Harnessing the power of data for Victoria's recovery

16 December 2020 Consultancy.com.au 3 min. read

A personal touch with customers has long been the hallmark of a successful business, and in the post-Covid-19 era, this will be no different. But with today’s technological possibilities, harnessing the power of data will be an essential driver for recovery strategies, write Sudha Viswanathan and Francois Ehly from Pitcher Partners.

Loyalty is a valuable commodity for business, with studies showing a growth of 5 per cent in customer retention can result in profit increases of 25 per cent or more. Building trust and loyalty with customers through personalisation was an important goal as the rapid shift to e-commerce occurred during the Covid-19 pandemic.

Businesses bore much of this burden alone and Governments have a role to ease the burden by deploying measures that drive confidence and investment in the post-pandemic world, because even with a blossoming e-commerce platform, business alone cannot power the recovery.

Harnessing the power of data for Victoria’s recovery

Melbourne

Melbourne’s status as a commercial stronghold is suffering. More than 600,000 Victorians were either unemployed or under-employed in October and people have only just started to return to Melbourne’s CBD – an absence that has crippled businesses that rely on foot traffic.

Yet the response from the Victorian Government in the recent State Budget to drive investment was limited, with measures such as temporary payroll tax credits rolled out instead of embracing genuine reform.

Businesses cannot afford to stand still, and they need to become more data-focused than ever to ensure they not only rebound from the pandemic but return stronger than before the crisis. In practise, this means being agile and tapping into the information that is now readily available from newly minted e-commerce platforms.

Data is crucial to personalising interactions with customers. Beyond the economic recovery from Covid-19, personalisation is a society trend driven by millennials who look local and respect values such as products created from local-sourced materials.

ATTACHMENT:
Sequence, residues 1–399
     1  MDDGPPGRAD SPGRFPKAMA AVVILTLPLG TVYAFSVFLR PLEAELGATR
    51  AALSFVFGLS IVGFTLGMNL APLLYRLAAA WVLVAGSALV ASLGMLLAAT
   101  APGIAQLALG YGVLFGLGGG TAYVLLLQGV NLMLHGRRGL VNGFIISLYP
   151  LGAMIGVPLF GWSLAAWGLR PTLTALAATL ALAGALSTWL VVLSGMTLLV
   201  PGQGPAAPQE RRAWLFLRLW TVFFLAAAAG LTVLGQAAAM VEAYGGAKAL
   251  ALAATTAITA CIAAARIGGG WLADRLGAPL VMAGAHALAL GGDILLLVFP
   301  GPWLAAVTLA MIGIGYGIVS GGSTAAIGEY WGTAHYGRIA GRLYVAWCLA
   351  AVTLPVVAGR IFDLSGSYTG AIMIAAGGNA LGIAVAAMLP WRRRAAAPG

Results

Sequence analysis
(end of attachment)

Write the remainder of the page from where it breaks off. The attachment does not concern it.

Online shopping

Almost overnight in March, organisations were forced to move from a brick-and-mortar model supported by an online presence, to existing solely in the digital marketplace. Many companies quickly pulled together a website for online sales or to facilitate click-and-collect for the first time earlier in the year without considering what the customer experience might be like.

It didn’t take long for people to be drawn to online retail. One in five Australians made their first purchase from a new website between March and August, according to Australia Post, and Victoria became the online shopping capital of the nation. But many people were also left unsatisfied by their initial online interactions. The same Australia Post survey showed almost half of those customers were either unsure or said they would not shop online with that retailer a second time.

First impressions are everything in online retail because, with so much competition, it’s hard to entice people back after a poor digital experience. Luckily, the weapon that allows business owners to personalise customer offerings also allows them to pinpoint problems.

Data-driven insights

The data allowed business owners to identify customer experience issues and online behaviours that drove them away, rather than use guesswork. The key question business owners must ask themselves is, how well do I really know my clients, their habits and preferences?

E-commerce platforms are more than just a channel for click-and-collect and one of the characteristics of businesses that have thrived since the outbreak of Covid-19 is productive use of the insights gathered from online interactions. Insights from customer data help business owners learn more about customers than ever before, to innovate and tap into new markets, and tailor online interactions to the individual.

Sudha Viswanathan is Director of Analytics and Insights at Pitcher Partners, Francois Ehly is Data Science Manager at Pitcher Partners.